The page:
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A woman with a plan, and a back-up plan

Your to-do list for today might look like this:

  • Run for parts
  • Laundry
  • Plan holiday dinner menu
  • Help kids with homework
  • Take lunch to the field
  • Make sure to look at the markets ... and SCENARIO PLAN!

In the midst of the hustle and bustle of the harvest and holiday season, we tend to run on all cylinders, not to mention more than a few cups of coffee! And, if I had to guess, I'd imagine that your to-do list might be three times as long as the list above, and just as you get one item crossed off, another item is added on.

If you haven't had a chance to notice, the grain markets have had a substantial rally since September. Prices now are consolidating, or trading in a rangebound pattern, waiting for the freshest piece of news to dictate further direction.

Will the news allow for a breakout to the upside, to test the summer highs? Or will the large crop trump prices and send the market tumbling lower?

My advice: Make a strategy that allows your farm to be prepared for either scenario. Don't wait and see. Be ready to act on opportunity.

Some farmers plan, but don't have contingencies. As a marketer, you guess that the market will go one way, and you plan to act accordingly. For example, let's say you have an order in with your elevator that, should cash corn trade at $4.00, you'll sell 10,000 bushels. You feel good. You have a plan! The cash market however, trades up to $3.98, never hitting $4.00, and your order does not get filled. The market pushes lower. You have no contingency plan, the market goes the other way, and you have no plan in place to respond. You are left reeling and frustrated.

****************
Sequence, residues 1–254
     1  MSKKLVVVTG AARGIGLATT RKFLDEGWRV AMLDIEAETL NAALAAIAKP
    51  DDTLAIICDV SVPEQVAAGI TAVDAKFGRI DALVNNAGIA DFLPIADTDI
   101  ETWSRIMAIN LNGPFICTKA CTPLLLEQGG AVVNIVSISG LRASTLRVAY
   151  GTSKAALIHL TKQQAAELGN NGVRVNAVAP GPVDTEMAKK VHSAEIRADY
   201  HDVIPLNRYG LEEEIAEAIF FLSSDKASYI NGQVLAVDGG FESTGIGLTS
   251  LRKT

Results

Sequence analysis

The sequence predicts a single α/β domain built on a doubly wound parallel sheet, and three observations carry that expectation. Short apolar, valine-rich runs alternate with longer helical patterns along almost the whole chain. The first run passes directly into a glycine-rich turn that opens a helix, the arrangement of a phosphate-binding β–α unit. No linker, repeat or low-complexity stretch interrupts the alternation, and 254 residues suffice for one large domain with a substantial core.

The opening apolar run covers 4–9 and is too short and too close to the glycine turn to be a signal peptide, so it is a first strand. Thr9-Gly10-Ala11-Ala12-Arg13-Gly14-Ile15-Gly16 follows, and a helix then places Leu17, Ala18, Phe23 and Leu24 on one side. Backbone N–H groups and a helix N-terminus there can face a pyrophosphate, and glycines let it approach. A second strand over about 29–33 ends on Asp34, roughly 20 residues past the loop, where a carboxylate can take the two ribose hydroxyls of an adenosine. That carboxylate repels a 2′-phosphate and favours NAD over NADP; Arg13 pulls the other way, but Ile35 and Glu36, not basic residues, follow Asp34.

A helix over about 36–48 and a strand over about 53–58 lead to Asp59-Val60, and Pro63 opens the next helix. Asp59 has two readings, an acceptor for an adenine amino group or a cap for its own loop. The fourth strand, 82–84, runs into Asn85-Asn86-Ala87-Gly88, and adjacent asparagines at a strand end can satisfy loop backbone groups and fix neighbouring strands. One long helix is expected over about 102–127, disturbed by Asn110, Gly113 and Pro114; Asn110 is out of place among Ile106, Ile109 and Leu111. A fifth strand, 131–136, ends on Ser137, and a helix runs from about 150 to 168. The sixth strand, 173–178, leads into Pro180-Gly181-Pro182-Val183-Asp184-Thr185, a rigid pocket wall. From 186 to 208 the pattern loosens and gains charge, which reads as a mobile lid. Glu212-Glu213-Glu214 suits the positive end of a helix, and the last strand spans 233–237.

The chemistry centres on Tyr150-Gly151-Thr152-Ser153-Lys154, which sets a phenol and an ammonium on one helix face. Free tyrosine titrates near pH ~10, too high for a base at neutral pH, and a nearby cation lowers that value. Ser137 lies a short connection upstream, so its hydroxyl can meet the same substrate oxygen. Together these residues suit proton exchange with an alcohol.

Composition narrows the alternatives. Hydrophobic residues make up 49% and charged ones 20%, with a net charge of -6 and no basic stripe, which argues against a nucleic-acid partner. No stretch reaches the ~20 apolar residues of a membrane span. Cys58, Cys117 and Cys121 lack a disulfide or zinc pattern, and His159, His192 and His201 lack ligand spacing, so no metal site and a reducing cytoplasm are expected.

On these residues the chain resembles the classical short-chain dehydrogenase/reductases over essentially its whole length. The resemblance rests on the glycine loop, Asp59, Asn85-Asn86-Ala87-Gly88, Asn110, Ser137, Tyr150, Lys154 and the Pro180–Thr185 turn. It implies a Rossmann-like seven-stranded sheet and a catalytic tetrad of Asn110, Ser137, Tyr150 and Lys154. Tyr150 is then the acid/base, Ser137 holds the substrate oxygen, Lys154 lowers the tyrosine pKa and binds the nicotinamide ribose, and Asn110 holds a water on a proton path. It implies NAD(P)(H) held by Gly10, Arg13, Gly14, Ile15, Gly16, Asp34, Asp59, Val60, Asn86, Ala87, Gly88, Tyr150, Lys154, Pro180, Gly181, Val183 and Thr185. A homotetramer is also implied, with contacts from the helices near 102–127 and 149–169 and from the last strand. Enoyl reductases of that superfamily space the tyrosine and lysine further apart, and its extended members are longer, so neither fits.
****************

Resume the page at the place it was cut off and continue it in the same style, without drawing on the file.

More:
Good marketers have contingency plans in place, so they can act when they see opportunity or protect themselves against tumbling prices.

How does a marketer create a scenario plan? It takes a well balanced blend of fundamental analysis (the gossip in the marketplace), knowing your local cash market, understanding technical charts, and discipline. In the coming months, I'll take a closer look at each of the above aspects and really examine the important aspects of each.

It may seem like a daunting task to learn how to scenario plan, however, the best of the best are already doing it. Scenario planning is the process of creating possible future situations and implications -- sharply higher markets, markets that stay low for two years at a time, markets that stay consistent, input costs that might fluctuate drastically. Scenario planning is forward thinking and preparing your farm for the unthinkable.

We believe that markets will continue to be volatile in the coming years, and often times, better pricing opportunities arise when markets are uncertain, rather than when they are certain. That means you have to manage through uncertainty. You have to be ready with contingencies: sell, hedge, store, or whatever the appropriate action might be. (At our firm, we call this Market Scenario Planning.)

I don't have to tell farm women how to manage through contingencies. You do it every day as you handle your own to-do lists. I hope this column has given you a picture of how to apply that skill to commodity marketing. It's what the best marketers will be doing in the year ahead.

If you have questions, you can e-mail Naomi or post a marketing question here:

Your to-do list for today might look like this:

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